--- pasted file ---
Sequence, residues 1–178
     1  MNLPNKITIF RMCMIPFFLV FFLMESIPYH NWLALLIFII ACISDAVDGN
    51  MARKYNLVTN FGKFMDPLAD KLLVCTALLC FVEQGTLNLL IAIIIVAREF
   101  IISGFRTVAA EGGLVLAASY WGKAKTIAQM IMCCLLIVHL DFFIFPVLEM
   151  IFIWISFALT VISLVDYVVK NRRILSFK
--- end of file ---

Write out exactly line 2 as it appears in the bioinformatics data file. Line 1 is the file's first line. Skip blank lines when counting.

     1  MNLPNKITIF RMCMIPFFLV FFLMESIPYH NWLALLIFII ACISDAVDGN